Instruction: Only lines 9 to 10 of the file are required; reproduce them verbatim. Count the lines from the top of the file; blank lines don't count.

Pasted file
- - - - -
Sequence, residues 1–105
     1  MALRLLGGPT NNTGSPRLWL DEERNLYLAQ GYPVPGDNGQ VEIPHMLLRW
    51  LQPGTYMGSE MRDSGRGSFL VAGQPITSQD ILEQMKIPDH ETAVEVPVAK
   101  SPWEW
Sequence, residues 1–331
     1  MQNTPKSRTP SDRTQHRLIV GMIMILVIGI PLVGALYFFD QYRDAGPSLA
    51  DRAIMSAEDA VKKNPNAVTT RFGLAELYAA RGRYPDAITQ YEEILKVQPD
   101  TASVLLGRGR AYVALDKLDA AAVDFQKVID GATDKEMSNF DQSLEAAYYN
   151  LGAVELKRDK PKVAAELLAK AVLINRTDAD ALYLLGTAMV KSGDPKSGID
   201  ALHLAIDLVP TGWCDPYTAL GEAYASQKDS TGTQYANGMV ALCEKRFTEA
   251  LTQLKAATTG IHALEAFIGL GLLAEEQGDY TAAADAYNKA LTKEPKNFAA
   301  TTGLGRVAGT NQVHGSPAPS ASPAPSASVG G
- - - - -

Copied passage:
   151  LGAVELKRDK PKVAAELLAK AVLINRTDAD ALYLLGTAMV KSGDPKSGID
   201  ALHLAIDLVP TGWCDPYTAL GEAYASQKDS TGTQYANGMV ALCEKRFTEA